In everyday life people supposedly have a reason for acting in a certain way, or when under scrutiny, they can-to a certain degree-attribute certain actions as intended components to a process that would-to the best of their understanding-enable them to achieve some given objective. Reasons and objectives don't need-and usually are not-in the singular. There can be at the same time many reasons and many objectives and the actions that manifest in between the two, might or might not overlap.

From a philosophical point of view, does it matter how action is justified or explained? Similarly, is explanation relevant to philosophy?

  • maybe this could be linked to morals. we act based on them too and most of the time we claim our morals are good when they could easily be quite evil.
    – L_Church
    May 22 '18 at 9:49


In everyday life, including moral situations, we need to be able to influence or control others' actions. We may do this by persuasion, pleading, threat, inducement, argument, manipulation of emotions, lying or truth-telling, blackmail, ostracism or by other means (for this example) short of coercion. If we had no explanatory model of human agency, whether crude or refined, approximate or highly accurate, we would not be able to use these methods of influence or control - as in fact, on the contrary, we often do use them very effectively. The human agent's 'springs of action' would be completely opaque to us. We should not be able to interact.

The model, if 'folk psychological', may be tacit and operate below the level of explicit consciousness or it may on occasion be explicit to consciousness. But without some model, or a variety of models, of behavioural explanation we could not interact with others so as to influence or control them. Everyday life would be unrecognisably different.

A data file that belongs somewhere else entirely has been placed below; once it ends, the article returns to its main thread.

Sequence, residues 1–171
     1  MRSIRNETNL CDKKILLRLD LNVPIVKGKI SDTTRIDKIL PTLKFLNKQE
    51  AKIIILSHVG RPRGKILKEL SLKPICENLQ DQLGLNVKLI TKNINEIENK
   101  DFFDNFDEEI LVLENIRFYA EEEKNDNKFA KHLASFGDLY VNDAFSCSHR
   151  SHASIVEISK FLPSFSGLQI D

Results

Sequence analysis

This has implications for philosophy since, for example, both the philosophy or mind and ethics assume human interaction, influence and control, none of which is intelligible without some explanatory model of behavioural explanation.

Note : I don't reduce human beings to their behaviour but the need to explain behaviour indicates a place for explanation in philosophy.

Some philosophers draw a distinction between explanation (Erklären) and understanding (Verstehen) in respect of human behaviour : I here use 'explanation' in a broad sense to cover both.


Whether philosophers like it or not, the idea of explanation is one widely used in science and everyday life, in history and literary criticism and virtually across the piece. As such it is a major concept of just the sort that philosophy explores. If explanation centres on how things happen, or don't happen !, it can take a variety of forms. It can be deductive; it can subsume particulars under universals, events or states of affairs under laws or lawlike generalisations and so on and on. Philosophy does not choose the concepts it explores; major concepts are among the data on which philosophy has to work - constructively, critically or destructively.

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